A: Of course not. This idea was started by a church who used to sell forgiveness for cash, for Heaven’s sake. If you sin against your fellow human, it’s a blight upon your soul that you, yourself, must attempt to correct.
Q: Why do you allow suffering in the world?
A: I have provided you with every tool you need to completely prevent suffering. Humans are more than capable of preventing harm from natural disasters, eliminating cancer and other diseases, and eliminating social ills. It’s not my job to save you from every possible harm — that’s up to you.
Q: Which is correct, Creationism or Evolution?
A: That’s kind of like asking to compare dowsing with geology. Creationism is a belief, and evolution is a theory based on scientific evidence. Like dowsing, Creationism is a belief that manages to persist in the face of contrary evidence, based on small minded fools who either cannot, or will not, adequately formulate and test a scientific principle. Evolution, like any scientific theory, is regularly tested against new evidence. If you’re uncritical enough to have been drawn in to believing in Creationism, you need to expand your world view and learn about the scientific method — before you’re sold a perpetual motion machine. Before you get too smug, it’s just as silly to mindlessly believe in evolution without understanding its context within a scientific framework.
Q: But Evolution is just a theory, right?
A: No, it’s a scientific theory. The statement that “evolution is just a theory” is rooted in a deep misunderstanding of scientific thought. There are only theories in science. A scientific theory is testable, which means that it can be disproven with evidence. Existing scientific theories have not been disproven, therefore, they are generally accepted to be accurate, or as accurate as it is possible to be. Something that cannot be disproven is not a theory — it’s just a belief — for example, my existence. In other words, theory is much better than belief — belief which isn’t based on anything provable. The misunderstanding arises because there’s a difference between a scientific theory, and the word “theory” as it is commonly used, to indicate something postulated, but not necessarily reality. Your theory that a flying spaghetti monster created the universe is not a scientific theory.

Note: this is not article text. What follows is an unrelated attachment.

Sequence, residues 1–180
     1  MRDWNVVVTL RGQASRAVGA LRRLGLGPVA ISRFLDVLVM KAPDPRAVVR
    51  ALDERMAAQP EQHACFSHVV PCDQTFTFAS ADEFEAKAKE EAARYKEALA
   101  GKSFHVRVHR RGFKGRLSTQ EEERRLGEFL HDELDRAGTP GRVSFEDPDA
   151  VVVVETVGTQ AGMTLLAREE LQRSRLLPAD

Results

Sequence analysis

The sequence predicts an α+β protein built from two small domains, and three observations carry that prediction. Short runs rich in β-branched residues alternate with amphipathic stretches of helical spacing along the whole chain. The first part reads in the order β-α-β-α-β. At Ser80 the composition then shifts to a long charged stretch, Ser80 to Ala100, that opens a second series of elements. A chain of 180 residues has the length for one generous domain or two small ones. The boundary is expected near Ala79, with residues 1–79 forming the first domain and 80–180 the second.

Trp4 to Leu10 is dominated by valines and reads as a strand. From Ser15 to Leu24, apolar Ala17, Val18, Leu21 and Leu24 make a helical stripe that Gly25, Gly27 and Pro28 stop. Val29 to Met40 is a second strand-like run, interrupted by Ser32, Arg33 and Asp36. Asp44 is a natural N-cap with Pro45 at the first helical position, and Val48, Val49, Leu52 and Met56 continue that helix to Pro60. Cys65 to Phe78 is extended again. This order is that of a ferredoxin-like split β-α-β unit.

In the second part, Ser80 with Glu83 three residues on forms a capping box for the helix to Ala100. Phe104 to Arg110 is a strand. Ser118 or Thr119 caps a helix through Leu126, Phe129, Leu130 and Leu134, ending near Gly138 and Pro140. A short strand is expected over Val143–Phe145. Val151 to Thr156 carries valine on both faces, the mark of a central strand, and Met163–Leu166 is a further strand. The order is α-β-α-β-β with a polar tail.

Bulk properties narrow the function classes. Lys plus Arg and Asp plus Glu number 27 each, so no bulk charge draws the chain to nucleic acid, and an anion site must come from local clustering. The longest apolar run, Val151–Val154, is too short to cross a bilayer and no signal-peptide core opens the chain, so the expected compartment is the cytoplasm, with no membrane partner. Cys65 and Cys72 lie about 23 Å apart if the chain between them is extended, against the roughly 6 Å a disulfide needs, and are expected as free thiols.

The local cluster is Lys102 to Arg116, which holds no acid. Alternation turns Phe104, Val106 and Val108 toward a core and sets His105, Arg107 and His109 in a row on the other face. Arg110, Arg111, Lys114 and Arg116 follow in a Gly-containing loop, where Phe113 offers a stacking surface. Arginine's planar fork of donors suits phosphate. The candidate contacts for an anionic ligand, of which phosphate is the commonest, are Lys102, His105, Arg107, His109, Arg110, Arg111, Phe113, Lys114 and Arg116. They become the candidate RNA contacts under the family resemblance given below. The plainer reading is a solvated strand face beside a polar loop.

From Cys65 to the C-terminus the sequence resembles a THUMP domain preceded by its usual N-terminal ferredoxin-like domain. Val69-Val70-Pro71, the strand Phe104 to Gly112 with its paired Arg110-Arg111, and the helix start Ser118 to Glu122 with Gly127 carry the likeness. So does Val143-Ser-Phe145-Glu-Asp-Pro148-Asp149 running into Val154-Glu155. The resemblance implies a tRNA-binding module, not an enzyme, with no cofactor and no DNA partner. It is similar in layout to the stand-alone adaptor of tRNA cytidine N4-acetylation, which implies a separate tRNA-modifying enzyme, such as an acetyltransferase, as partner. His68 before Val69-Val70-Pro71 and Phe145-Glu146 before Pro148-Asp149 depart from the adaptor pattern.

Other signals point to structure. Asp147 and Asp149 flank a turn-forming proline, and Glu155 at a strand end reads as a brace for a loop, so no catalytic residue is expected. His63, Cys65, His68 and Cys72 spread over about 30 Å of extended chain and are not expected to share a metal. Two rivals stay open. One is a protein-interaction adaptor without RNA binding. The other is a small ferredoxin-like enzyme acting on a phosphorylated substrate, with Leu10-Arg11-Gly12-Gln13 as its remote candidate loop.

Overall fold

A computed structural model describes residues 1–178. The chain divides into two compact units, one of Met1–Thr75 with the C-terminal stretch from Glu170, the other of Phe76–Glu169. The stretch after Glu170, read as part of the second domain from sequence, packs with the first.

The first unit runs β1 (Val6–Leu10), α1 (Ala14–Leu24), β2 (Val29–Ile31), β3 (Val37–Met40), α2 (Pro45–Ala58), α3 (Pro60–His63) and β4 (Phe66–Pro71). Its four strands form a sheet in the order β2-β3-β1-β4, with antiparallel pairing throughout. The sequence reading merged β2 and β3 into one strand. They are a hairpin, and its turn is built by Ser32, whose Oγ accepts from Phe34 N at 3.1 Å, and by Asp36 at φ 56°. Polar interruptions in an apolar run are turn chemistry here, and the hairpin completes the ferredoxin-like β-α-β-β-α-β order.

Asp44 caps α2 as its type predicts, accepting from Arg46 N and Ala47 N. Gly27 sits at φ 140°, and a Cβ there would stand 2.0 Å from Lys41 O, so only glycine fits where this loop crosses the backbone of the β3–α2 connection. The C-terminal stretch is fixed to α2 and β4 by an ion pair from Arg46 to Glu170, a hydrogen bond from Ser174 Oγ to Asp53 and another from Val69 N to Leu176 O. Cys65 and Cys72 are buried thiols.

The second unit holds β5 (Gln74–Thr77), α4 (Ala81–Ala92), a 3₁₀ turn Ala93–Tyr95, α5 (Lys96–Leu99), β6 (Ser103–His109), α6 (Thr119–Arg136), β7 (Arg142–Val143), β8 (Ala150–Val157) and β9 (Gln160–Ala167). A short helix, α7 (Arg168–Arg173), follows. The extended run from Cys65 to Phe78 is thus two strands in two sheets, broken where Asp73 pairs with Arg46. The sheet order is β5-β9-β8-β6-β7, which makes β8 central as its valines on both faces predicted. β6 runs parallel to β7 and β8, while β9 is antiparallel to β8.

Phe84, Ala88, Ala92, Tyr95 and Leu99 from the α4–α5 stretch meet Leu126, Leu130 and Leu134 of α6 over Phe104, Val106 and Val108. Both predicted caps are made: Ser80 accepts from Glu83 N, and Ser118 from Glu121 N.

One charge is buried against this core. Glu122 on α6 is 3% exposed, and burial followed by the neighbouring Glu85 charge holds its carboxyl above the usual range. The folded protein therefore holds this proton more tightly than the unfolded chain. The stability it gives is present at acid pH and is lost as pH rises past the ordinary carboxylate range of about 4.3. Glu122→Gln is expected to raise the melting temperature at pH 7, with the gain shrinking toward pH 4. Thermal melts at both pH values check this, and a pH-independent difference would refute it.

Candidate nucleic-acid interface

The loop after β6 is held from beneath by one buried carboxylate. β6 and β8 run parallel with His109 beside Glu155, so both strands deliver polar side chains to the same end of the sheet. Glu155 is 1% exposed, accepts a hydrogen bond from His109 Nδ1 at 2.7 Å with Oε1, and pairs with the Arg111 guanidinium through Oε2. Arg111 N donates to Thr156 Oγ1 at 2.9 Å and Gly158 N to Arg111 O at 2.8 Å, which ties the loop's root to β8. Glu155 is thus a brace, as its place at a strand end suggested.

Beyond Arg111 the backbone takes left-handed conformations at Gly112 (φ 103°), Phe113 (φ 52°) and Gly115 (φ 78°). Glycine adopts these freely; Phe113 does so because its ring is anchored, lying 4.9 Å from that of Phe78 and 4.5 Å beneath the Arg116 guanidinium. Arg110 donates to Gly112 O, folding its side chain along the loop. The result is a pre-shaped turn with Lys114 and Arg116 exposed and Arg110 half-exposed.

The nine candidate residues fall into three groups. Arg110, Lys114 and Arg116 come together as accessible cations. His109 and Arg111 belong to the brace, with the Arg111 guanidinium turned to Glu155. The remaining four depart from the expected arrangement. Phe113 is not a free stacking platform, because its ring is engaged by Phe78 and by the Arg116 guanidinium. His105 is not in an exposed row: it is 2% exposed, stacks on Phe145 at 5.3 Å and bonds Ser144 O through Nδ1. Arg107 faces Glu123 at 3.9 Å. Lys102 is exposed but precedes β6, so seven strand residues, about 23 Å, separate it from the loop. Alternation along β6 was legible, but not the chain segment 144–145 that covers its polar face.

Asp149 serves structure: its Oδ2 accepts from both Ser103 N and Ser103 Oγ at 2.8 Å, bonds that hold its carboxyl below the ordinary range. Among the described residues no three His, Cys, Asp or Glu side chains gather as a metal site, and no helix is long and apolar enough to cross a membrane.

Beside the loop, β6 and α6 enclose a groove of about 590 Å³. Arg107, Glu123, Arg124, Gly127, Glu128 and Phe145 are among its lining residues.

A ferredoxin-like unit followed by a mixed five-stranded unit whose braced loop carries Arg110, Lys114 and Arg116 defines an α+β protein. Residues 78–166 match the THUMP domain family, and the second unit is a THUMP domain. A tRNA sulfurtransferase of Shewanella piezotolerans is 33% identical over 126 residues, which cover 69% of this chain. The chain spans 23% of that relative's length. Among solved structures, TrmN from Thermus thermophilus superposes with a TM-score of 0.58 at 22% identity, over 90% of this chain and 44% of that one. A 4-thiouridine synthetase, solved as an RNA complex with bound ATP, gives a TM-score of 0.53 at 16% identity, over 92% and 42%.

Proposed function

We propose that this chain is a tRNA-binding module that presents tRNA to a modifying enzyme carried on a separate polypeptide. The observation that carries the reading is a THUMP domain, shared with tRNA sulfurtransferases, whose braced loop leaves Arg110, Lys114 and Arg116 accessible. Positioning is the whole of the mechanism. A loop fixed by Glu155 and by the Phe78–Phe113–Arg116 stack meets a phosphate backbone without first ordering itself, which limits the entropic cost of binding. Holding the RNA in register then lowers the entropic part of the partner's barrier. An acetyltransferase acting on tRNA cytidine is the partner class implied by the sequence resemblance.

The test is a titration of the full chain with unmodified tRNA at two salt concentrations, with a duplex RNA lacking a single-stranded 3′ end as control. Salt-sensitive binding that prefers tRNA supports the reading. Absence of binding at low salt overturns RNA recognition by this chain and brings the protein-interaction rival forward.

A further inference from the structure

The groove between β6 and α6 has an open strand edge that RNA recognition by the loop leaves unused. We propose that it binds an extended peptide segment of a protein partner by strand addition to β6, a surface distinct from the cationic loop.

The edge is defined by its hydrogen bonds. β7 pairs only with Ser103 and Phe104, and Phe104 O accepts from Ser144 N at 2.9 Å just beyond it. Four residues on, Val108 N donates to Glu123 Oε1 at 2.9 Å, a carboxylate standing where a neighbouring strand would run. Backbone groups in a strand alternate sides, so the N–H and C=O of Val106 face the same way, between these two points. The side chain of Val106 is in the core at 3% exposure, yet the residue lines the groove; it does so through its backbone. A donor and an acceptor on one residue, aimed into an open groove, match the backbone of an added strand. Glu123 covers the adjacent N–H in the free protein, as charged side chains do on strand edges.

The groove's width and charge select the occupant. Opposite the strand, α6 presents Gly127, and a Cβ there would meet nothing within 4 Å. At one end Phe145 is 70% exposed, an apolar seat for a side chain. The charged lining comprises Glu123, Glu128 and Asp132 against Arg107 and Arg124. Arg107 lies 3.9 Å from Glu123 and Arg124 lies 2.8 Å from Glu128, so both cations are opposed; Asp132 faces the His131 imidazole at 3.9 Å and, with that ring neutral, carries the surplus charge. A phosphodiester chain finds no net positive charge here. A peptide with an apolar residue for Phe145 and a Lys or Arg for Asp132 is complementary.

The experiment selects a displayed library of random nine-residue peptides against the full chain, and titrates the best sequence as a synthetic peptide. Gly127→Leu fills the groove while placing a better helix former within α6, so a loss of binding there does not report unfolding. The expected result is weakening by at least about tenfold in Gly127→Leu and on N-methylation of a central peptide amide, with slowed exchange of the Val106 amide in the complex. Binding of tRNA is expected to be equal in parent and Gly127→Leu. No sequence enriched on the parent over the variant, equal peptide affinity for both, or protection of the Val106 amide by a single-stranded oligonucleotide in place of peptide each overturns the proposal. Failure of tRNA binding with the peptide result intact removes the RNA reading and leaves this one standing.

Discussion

Q: What’s a “Christian Death Threat?”
A: Some people are so insecure that they cannot tolerate views that differ from their own. It’s not a phenomenon unique to Christians, by any means, but it’s certainly not uncommon for Christians to lash out at anything not perfectly matching their world view. Some are just stupid, others either don’t want to or cannot understand alternative points of view, and react with unfounded rage. Strangely, this is contrary to their own beliefs and teachings, but such is the hypocrisy of the small minded.
Q: What do you want from me?
A: To put it as succinctly as possible: don’t be a jerk. Try to do the right thing, the compassionate thing, the caring thing. Think of how you’d like to be treated, what you need, and treat others that same way.